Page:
LNG export developer NextDecade Corp. pushed back on an effort by the Sierra Club to expand the federal permit review of the company's proposed Rio Grande LNG terminal, calling it "a bare attempt to delay in the eleventh hour the robust four-year regulatory review" by the Federal Energy Regulatory Commission.
The Sierra Club, joined by other environmental groups, argued in a May 30 filing that FERC should weigh possible capacity additions at the facility before giving it the green light. In an accompanying news release, the Sierra Club claimed the developer "misled regulators" about how much natural gas it plans to export.
NextDecade rejected the accusation. "We are aware of the Sierra Club's allegations, which misrepresent the facts pertaining to our Rio Grande LNG project," NextDecade spokesperson Patrick Hughes said in an email. "Our selected technology, Air Products C3MR, is highly efficient and capable of producing more LNG. However, NextDecade has no plans at this time to increase the 27 [million tonnes per annum] of capacity of its Rio Grande LNG project, filings for which are currently in the final stages of FERC review."
The Sierra Club complaint illustrated a reinvigorated effort to quash federal approval of LNG export projects. The group repeatedly lost challenges that targeted FERC authorization of terminal infrastructure and then focused its attention on the U.S. Department of Energy's approvals of licenses to export the fuel to world markets. The DOE authorizations have continued, and FERC has authorized four LNG projects in 2019 after not approving any for about two years.
In NextDecade's case, the advocacy groups pointed to an appendix of a May 5 presentation by NextDecade that told investors the company could boost production by 1 mtpa on each of the proposed six liquefaction trains at Rio Grande LNG through "debottlenecking." The potential capacity increase is not part of the application that is pending a FERC decision.
The developer told FERC on June 3 that it was just highlighting the upside potential of the company's liquefaction equipment, an opportunity the developer said it realized in the years since it began the application process.
The Rio Grande LNG project in Brownsville, Texas, cleared a final environmental impact statement issued by FERC staff in April. NextDecade and some analysts who cover the company have said they expect a FERC order approving the project in July. (FERC dockets CP16-454, CP16-455)
"NextDecade clearly misrepresented their plans for this facility, and how much fracked gas they plan to ship through Texas communities to export," Sierra Club attorney Nathan Matthews said in a statement. "It is critical that FERC commissioners take this issue seriously and reassess the true impact this polluting facility would have on communities and the climate."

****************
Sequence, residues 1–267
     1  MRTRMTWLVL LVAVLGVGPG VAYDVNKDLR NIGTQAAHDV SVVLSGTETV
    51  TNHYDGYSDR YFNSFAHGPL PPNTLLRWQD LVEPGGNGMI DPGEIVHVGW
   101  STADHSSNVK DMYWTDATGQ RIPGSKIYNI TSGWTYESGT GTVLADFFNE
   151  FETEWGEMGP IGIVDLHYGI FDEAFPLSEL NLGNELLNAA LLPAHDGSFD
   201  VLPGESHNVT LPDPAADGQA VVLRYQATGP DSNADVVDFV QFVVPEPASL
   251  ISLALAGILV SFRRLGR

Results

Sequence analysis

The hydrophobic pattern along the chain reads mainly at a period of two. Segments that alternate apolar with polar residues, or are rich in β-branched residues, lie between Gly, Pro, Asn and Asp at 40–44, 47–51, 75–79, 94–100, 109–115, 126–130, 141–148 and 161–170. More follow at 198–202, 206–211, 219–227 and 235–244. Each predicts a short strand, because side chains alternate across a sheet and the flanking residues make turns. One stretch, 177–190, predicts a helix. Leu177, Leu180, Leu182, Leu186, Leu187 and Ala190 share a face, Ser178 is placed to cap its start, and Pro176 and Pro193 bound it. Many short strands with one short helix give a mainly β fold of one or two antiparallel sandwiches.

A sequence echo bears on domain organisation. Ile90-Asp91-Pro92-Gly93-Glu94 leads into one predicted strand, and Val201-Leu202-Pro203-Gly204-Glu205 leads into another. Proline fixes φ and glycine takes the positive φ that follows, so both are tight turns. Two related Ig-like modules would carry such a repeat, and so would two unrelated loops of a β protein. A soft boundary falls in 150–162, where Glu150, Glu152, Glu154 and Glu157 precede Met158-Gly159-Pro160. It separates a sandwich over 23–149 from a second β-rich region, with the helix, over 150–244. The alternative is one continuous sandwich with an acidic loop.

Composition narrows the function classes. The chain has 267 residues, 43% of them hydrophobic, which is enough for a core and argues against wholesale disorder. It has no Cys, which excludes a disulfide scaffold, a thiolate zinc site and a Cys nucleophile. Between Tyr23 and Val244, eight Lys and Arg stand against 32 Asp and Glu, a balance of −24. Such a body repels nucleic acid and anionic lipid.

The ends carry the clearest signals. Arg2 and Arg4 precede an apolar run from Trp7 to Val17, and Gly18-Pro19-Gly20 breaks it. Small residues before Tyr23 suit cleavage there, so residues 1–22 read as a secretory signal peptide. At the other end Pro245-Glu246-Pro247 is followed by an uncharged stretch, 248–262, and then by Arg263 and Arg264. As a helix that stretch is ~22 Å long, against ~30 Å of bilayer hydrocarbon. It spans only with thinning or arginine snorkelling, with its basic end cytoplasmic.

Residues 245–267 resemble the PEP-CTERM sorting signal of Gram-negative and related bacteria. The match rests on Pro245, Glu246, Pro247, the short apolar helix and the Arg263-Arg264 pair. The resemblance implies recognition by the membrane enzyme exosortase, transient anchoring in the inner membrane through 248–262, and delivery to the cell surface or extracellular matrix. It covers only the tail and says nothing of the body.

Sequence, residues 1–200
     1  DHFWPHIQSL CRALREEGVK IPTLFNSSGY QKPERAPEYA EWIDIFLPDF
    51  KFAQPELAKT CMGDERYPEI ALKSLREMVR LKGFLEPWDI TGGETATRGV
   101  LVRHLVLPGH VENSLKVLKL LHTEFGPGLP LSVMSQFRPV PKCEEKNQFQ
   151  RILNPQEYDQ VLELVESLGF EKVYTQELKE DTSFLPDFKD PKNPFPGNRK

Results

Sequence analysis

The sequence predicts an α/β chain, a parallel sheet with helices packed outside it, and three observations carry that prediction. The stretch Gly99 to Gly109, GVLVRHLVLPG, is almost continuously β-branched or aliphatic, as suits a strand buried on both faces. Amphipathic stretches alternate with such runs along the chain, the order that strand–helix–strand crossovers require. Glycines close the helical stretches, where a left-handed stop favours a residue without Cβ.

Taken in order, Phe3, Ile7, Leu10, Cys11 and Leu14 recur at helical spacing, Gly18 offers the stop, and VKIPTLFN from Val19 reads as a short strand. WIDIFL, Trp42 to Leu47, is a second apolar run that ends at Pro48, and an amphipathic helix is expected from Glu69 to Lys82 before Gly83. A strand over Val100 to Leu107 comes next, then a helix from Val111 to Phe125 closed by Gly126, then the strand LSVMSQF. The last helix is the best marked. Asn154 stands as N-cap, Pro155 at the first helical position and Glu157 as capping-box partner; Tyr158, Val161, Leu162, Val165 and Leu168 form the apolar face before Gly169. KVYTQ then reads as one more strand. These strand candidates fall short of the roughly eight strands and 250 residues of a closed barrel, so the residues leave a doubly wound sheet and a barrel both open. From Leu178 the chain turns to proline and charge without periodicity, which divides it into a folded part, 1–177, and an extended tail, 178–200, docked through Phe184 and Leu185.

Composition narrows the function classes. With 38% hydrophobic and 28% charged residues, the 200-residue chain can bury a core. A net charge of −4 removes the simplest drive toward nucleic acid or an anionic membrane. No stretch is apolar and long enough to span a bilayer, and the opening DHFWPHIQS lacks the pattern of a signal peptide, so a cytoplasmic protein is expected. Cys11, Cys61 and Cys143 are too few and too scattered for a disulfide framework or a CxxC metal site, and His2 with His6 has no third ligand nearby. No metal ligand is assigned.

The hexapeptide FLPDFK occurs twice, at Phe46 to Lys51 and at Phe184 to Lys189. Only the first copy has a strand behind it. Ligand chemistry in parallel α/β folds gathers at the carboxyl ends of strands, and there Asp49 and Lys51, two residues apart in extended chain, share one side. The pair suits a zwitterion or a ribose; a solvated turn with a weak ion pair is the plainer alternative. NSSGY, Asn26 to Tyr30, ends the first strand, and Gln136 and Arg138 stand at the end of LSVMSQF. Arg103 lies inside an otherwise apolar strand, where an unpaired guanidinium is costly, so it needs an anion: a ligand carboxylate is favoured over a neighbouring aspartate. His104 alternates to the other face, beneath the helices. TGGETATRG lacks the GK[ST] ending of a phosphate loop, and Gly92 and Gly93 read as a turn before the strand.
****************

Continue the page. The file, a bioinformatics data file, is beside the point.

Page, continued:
NextDecade said it recognizes that "proper authorization is always required to modify LNG project capacity" and that "if the market in the future" showed interest in additional capacity, the developer would seek the necessary approvals.
That is not unusual. LNG export pioneer Cheniere Energy Inc. asked for an increase to authorized production capacity at Sabine Pass as the company developed the terminal in Louisiana. FERC granted the request in 2014. In Texas, Freeport LNG Development LP requested authorization to increase the production capacity at its terminal, an authorization FERC gave in 2016. NextDecade noted both examples in its response to FERC.
More recently, Australia's LNG Ltd. sought FERC approval for a 0.8-mtpa increase in production capacity from its proposed Magnolia LNG terminal in Louisiana. The increase would be achieved through an optimized design. Commission approval is pending, but FERC staff cleared the proposed expansion in a December 2018 environmental assessment that noted that the amended capacity would not require any additional construction or new facilities beyond what FERC already approved. (FERC docket CP19-19)
The DOE authorized the expanded export capacity at Magnolia LNG in March, bringing the facility's total approved capacity to 8.8 mtpa.
The Cheniere and Freeport expansions were also greenlit after clearing environmental assessments, reviews that are less extensive than the environmental impact statements the Sierra Club has pushed.